Twitter Finds Bug Storing Decrypted User Passwords, Asks to Change Them
AP Photo / Matt Rourke, FileTech14:19 04.05.2018(updated 14:22 04.05.2018) Get short URL
The social network notified all of its 330 million users about a security breach, asking them to take precautions and change their passwords. The news comes amid an ongoing Facebook user data leak scandal, where the breach wasn’t even revealed by the company itself.
Twitter users received a security alert letter from the social network on May 4, saying that the company detected a software bug that led to user passwords being recorded in the journal in unencrypted form. Twitter has reassured its users that according to their information, no one obtained access to that journal, but has still asked users to change their passwords.
The social network hasn’t specified for how long that bug has been in existence, but a Reuters source familiar with the company claimed it was there for several months.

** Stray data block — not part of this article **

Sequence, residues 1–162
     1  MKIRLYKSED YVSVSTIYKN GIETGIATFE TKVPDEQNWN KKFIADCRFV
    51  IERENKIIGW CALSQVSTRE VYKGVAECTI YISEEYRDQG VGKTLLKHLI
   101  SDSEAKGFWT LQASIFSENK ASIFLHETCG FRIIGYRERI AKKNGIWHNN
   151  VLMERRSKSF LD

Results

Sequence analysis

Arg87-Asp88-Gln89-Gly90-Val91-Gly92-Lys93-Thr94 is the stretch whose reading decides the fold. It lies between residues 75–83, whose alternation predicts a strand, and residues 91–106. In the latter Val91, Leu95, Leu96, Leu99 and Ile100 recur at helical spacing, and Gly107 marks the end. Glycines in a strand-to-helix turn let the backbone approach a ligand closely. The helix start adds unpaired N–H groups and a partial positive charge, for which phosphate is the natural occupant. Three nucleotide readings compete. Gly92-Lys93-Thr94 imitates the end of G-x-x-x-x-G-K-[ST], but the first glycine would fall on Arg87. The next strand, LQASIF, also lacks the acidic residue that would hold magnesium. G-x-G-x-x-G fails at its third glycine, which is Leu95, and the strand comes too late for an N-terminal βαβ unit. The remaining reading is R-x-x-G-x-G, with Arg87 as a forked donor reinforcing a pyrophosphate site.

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Twitterians reacted differently on the news, with most of them urging their friends to follow the advice and change passwords and thanking the company for coming forward with the problem, not waiting for whistleblowers to do the job.
However, some people were skeptical about the news and slammed the company for making such a sloppy mistake.
A few even went further, suggesting that company already had access to their accounts anyway (and probably would give it out to government agencies, according to some twitterians) and thus claimed there is no point in changing passwords anyway.
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The information about the security bug comes amid the ongoing scandal around Facebook, whose users’ data ended up in hands of Cambridge Analytica. The latter might have used the data to sway voters’ mood in various elections. Currently, the UK is investigating the alleged use of this data to affect the Brexit referendum vote.